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Publisher's Summary

A Tragic Disappearance
After a harrowing otherworldly confrontation on the shores of Exmouth, Massachusetts, Special Agent A.X.L. Pendergast is missing, presumed dead.
A Shocking Return
Sick with grief, Pendergast's ward, Constance, retreats to her chambers beneath the family mansion at 891 Riverside Drive - only to be taken captive by a shadowy figure from the past.
An International Manhunt
Proctor, Pendergast's longtime bodyguard, springs to action, chasing Constance's kidnapper through cities, across oceans, and into wastelands unknown.
But in a World of Black and White, Nothing Is as It Seems
And by the time Proctor discovers the truth, a terrifying engine has stirred - and it may already be too late....
©2016 Douglas Preston and Lincoln Child (P)2016 Hachette Audio
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Customer Reviews

Most Helpful
2 out of 5 stars
By Olive on 11-23-16

Looking for a plot

I have read most of the books by Preston and Child and all of the Pendergast novels--a few more than once. Aloysius is unique and somewhat weird, as is his brother Diogenes and that is part of what makes most of these books fun. That is, until this story that renders the brothers uninteresting. I actually forgot I had this book loaded on my phone because there is nothing compelling about this story and I found it a chore to finish listening. AXLP started losing his mystique after we were introduced to his wife Helen, who was duller than mud. Each novel since then has lost a bit of sparkle and now, he is given little to do in Obsidian Chamber and his decision to allow his nutso brother to walk makes me cringe at the thought of another boring soap opera story with these once-fascinating people. Diogenes is almost a different character and is completely unbelievable. Constance, her long dresses, and pretentious vocabulary have grown tiresome. The engaging Proctor started with a bang, then becomes part of a howler of an ending. He arrives back at Riverside Drive looking emaciated, filthy and bloody. Did he find a heretofore undiscovered land bridge and walk from Africa to New York? No. We are to believe he actually got onto a plane or maybe a boat covered in his and lions' blood and did not eat, drink, or rest the long journey across the ocean just so he could collapse on the floor after a tedious buildup before the nervous Mrs.Trask finally opens the dang door.

Rene Auberjonois is great, as usual, but even he cannot save this one. This is worse than Beyond the Ice Limit. yikes

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25 of 25 people found this review helpful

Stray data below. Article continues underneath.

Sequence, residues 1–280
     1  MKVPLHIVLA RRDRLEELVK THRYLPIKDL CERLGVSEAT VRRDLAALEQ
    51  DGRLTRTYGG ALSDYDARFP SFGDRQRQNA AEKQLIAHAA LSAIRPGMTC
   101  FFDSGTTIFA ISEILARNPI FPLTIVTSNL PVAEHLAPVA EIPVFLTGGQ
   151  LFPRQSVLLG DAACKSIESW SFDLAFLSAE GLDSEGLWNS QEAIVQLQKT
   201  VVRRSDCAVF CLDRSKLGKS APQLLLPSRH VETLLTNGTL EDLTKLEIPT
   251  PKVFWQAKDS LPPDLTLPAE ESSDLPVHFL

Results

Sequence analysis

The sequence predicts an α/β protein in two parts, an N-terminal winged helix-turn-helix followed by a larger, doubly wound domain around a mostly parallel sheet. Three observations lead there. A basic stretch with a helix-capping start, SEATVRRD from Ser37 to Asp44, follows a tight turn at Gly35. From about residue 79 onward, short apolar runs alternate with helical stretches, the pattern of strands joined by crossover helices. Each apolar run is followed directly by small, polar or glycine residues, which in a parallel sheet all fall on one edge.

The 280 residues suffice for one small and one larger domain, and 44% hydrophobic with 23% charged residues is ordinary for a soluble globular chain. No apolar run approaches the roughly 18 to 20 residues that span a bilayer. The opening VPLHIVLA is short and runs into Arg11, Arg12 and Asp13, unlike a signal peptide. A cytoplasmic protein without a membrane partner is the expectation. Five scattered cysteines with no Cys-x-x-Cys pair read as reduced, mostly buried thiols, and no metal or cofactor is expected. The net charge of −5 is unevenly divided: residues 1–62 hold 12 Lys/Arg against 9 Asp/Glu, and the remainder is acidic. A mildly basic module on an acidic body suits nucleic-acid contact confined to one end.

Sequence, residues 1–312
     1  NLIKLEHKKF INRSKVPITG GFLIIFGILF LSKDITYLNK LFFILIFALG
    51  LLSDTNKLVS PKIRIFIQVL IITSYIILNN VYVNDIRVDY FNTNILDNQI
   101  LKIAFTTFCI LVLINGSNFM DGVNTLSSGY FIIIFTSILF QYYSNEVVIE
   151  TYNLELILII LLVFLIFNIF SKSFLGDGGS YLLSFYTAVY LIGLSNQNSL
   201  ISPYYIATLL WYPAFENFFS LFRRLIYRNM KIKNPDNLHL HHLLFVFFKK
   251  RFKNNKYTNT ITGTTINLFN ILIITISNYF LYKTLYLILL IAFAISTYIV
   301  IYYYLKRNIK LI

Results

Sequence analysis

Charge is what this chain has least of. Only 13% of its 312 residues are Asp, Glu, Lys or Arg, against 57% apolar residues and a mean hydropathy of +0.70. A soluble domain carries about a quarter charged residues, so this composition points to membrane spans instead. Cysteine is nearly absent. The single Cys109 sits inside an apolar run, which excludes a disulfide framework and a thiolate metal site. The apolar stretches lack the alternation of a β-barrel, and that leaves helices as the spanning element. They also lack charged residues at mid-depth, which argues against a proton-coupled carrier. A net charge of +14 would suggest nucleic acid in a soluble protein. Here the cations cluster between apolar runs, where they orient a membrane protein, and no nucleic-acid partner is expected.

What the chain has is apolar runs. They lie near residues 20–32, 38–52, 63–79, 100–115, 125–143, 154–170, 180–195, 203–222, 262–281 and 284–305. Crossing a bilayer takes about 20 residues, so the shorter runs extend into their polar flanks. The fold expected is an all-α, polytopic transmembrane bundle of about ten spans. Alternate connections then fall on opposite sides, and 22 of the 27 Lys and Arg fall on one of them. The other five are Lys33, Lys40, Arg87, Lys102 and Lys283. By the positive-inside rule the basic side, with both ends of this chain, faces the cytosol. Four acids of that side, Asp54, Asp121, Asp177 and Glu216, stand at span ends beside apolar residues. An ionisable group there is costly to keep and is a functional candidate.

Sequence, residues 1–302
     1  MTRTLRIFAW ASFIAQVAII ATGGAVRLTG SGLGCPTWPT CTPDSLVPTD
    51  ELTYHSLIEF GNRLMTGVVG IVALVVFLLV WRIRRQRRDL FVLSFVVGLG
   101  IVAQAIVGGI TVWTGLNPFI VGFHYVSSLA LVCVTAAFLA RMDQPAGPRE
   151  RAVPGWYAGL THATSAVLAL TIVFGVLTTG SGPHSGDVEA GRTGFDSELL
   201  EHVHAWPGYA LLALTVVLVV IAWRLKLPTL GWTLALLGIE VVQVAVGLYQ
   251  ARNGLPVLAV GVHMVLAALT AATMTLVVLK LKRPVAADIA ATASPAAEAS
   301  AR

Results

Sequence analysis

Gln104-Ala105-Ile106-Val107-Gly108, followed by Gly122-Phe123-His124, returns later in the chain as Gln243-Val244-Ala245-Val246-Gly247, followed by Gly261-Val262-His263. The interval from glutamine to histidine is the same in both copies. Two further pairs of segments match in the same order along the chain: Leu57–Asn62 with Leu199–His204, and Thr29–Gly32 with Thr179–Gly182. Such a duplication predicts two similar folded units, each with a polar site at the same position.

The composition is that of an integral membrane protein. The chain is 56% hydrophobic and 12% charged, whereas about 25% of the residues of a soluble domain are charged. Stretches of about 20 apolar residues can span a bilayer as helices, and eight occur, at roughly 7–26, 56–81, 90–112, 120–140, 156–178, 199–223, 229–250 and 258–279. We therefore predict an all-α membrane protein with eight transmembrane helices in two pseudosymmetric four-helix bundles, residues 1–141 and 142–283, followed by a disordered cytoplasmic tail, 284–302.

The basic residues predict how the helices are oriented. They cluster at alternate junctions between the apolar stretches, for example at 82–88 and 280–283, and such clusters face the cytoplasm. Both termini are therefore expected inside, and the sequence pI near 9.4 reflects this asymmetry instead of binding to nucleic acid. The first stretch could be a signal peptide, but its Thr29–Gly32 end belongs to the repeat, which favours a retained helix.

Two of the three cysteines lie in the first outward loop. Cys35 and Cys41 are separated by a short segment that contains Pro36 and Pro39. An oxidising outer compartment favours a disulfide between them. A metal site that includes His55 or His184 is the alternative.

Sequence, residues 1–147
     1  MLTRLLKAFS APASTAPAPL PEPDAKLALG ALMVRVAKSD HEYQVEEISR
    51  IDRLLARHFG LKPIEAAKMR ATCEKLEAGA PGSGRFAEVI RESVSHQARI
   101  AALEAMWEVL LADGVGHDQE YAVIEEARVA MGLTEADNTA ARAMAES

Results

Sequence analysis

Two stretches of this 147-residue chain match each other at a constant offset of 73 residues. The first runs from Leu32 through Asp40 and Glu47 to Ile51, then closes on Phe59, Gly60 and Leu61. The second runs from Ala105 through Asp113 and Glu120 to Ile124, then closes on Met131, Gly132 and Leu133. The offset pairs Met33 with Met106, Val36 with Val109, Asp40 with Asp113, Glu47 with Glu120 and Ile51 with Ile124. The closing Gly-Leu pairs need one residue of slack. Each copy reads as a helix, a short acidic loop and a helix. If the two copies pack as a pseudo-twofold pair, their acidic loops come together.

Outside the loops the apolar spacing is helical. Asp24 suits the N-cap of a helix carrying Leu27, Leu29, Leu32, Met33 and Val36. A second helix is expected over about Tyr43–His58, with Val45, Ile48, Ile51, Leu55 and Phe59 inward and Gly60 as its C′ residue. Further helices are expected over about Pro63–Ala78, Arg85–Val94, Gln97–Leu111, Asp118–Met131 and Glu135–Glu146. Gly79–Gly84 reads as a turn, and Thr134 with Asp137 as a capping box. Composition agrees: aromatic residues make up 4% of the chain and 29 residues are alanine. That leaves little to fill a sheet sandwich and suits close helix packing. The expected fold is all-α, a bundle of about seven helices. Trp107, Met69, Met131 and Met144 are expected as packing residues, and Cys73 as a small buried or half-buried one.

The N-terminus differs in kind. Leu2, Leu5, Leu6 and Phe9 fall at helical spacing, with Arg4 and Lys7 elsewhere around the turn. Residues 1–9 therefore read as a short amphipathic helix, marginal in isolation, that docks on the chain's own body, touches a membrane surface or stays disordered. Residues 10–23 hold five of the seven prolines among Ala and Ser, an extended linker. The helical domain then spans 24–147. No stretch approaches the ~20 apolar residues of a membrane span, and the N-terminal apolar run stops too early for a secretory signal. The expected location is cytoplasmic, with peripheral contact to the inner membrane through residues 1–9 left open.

2 out of 5 stars
By D. WARD on 11-23-16

What happened!!

Feels like someone else wrote this book...
I couldn't even finish it. I'm sad.... where did Pendergrast go, where did Diogenes go ?
Weak and sappy

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12 of 12 people found this review helpful

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Customer Reviews

Most Helpful
5 out of 5 stars
By susie w on 04-22-17


If you could sum up The Obsidian Chamber in three words, what would they be?

Always great storyline

Have you listened to any of Rene Auberjonois’s other performances? How does this one compare?

Only listened to the Prendergast books read by this narrator and this one is as good as the others

Any additional comments?

I've listened to all the Prendergast and really enjoyed the quirkiness of the characters, however I'm disappointed that the two previous books in the series are not yet in audible and feel I've missed out on the story.

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5 out of 5 stars
By Suzie v on 03-07-17

High standards

High standards as usual from this writing duo. Didn't think I was going to engage with the story at first, but I should've known better. Not been disappointed yet. Where can we go from here??

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Customer Reviews

Most Helpful
3 out of 5 stars
By Glenn Hansen on 08-27-17

Another great performance, but a meandering plot

Would you say that listening to this book was time well-spent? Why or why not?

I always love a Pendergast book, so yes, it was time well spent, but compared to the rest of the series, this is certainly one of the lesser efforts from two authors who are usually guaranteed to deliver the goods.

How would you have changed the story to make it more enjoyable?

Much of the book sees the story meandering around in search of a strong unifying theme. IT reads like a first draft in places (not because of spelling and grammar problems, but because there are so many places the story could be tightened up and made more impactful).

Which scene did you most enjoy?

I honestly can't, offhand, think of one scene where I went, 'Wow, that was great!' Unlike their previous efforts, this book is a cliche in search of a greater purpose.

Do you think The Obsidian Chamber needs a follow-up book? Why or why not?

Well, yes, it needs a follow-up, because I want the story of Pendergast to continue. I hope, though, the writers go back to their usual standards and not mail the next one in. One more effort like this and I'll let Pendergast rest in peace.

Any additional comments?

Maybe hold off buying this until the next in the series comes out, in the hope you can follow a mediocre story with something much more enjoyable.

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